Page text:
Hi @josch ! First of all, the README is seriously outdated, there's stuff in there that is no longer true about debspawn, let alone sbuild. So, this likely needs an update (although I am actually inclined to remove everything that contrasts debspawn with other tools except for intentional differences to sbuild).

Even if it's not in the README, I think that listing what makes debspawn different/better than alternatives would be useful to have stated somewhere.

  • I just wondered how easy it would be to build a tool like this, given that systemd-nspawn does some of the more complicated stuff already. So I just built a prototype after a "it will just take me a few hours" bet with friends at Debconf ;-)

Ah, reminds me of myself when I wrote mmdebstrap 3 years ago. XD

  • I'm working on a tool called Laniakea which is a suite of tools to build Debian derivatives. It has a generic job runner called laniakea-spark (previously we used Paul Tagliamonte's debile) that was using sbuild back in the day. Setting up sbuild was always a bit annoying though, as it needed a bunch of configuration.

Yes. Today, there is the sbuild-debian-developer-setup package which hopefully makes the standard sbuild+schroot setup a bit easier.

We also had to parse the whole changelog again to extract whether builds failed reliably, and also why they failed: https://github.com/lkhq/laniakea-spark/blob/d0529862f48692483838c2e72bb4e96673fc45f7/spark/runners/sbuild.py#L138 - I thought that I could maybe simplify this by creating a tool that worked better for Laniakea

Yes, the log parsing is still an issue. There is still no machine readable way to identify reliably why a build failed without using shaky log parsing.

  • Back then at Purism we had people who never had touched Debian or built a Debian package, and setting up sbuild was still a bit more complex. With debspawn it's one command to create and image, then yet another one to build, and the environment is exactly the same as on the autobuilders, so reproducing failures is pretty easy.

Agreed. Sbuild is far from being that easy to use. I should write maybe another set of wrapper scripts to make default usage as easy as using a single command.

  • We were to run some semi-trusted builds (nothing dangerous, but something that could cause issues on accident), and systemd-nspawn being a container solution allows some neat features like limiting available memory or CPU resources to the build.

Ah, that's where the root requirement of systemd-nspawn comes from, I guess.

  • Initially I thought I could use OverlayFS for some extremely fast build setups - that did not work out though (it could be done with some modifications, but I didn't want to make those at the time as tarball decompression turned out to be rather quick).

Yes. While sbuild (and schroot) also supports overlayfs mounting, for my personal use I also resort to just unpacking chroot tarballs to a tmpfs as I found it to be sufficiently fast.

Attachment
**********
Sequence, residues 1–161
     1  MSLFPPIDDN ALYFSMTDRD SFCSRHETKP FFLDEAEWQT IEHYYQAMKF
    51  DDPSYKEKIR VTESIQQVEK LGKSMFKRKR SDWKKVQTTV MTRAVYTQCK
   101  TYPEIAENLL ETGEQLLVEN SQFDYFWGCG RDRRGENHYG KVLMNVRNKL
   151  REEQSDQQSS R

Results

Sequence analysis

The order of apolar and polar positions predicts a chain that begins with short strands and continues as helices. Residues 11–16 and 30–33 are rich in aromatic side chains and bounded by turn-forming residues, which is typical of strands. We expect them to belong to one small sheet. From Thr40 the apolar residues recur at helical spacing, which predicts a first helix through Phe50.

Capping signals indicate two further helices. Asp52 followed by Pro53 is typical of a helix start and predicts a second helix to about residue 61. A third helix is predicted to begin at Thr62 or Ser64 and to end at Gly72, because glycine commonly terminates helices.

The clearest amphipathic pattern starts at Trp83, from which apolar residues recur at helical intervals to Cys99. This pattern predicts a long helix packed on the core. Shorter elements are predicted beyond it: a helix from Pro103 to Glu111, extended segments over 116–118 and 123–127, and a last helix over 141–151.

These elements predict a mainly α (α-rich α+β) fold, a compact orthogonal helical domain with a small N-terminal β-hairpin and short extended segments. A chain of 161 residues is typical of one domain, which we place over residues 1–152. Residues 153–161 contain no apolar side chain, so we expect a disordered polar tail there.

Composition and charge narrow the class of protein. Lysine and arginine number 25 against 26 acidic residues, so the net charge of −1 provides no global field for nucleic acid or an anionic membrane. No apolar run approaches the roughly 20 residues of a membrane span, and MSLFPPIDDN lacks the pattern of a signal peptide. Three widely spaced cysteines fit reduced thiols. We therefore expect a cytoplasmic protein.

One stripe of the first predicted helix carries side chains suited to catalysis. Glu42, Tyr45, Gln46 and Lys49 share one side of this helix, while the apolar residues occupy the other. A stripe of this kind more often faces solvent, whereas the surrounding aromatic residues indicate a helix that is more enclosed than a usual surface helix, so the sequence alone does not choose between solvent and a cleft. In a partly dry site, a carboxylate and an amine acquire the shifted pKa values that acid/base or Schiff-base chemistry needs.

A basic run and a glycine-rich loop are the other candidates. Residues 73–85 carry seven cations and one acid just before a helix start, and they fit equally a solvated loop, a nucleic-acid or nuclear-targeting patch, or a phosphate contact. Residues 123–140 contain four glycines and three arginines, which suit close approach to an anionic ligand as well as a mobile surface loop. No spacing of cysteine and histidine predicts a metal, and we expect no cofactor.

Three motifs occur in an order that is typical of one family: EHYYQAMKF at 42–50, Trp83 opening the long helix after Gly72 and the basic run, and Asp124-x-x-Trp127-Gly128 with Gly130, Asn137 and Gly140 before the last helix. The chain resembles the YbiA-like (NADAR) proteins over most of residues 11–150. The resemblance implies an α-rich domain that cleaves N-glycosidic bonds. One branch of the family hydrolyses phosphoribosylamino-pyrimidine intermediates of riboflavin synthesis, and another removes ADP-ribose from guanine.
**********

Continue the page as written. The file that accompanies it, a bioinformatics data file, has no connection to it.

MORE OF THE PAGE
• I wanted to integrate some Debian package caching, so we wouldn't also need to setup apt-cacher-ng on the builder machines, but have one tool handle all stuff transparently in the background.

Understandable. I still struggle with apt-cacher-ng as it seems to somehow fill up the package cache without ever cleaning up and dropping cached packages after some time...

For example the first paragraph claims that sbuild uses a plain chroot. True it can do that. But it can also use any environment supported by autopkgtest (like lxc, lxd, qemu, schroot, ssh...) as well as the unshare backend which uses linux user namespaces to do package builds.

Could it do that 4 years ago already? If so, then I must have overlooked it. I know sbuild can do these things today, and even build via QEMU, so today that statement is definitely wrong nowadays.

The autopkgtest backend was introduced in sbuild 0.69.0, released in May 2016. The unshare backend was introduced in sbuild 0.77, released in July 2018. In any case, both backends were never advertised anywhere and I haven't yet received a single bug report for those two backends, so either nobody is using those or they are bug free (very unlikely).

What advantage does systemd-nspawn have over [unshare]?

I don't know how user namespaces are implemented exactly in sbuild - is unshare a chroot with user namespaces on top? Systemd-nspawn creates a pretty neat lightweight container that virtualizes the file system hierarchy, process tree, IPC subsystems, the host and domain name and also has a system callback filter to filter out some potentially problematic syscalls (which actually can be an issue if packages need these for tests, so debspawn weakens that by default). So, systemd-nspawn gives a bit more isolation and is a nice pretty lightweight way if you want a container but don't need the complexity and dependencies of podman/docker & Co.

The ushare backend uses linux user namespaces to unshare the mount, UTS, IPC, network, PID and user namespaces. I think that's also what other container solutions like docker, lxc and systemd-nspawn do. The unshare backend cannot limit resources like CPU or RAM and it cannot limit syscalls -- all these features would require being root at some point and I wanted to avoid that. I see that it might make sense to add a systemd-nspawn backend to make these features available to sbuild users.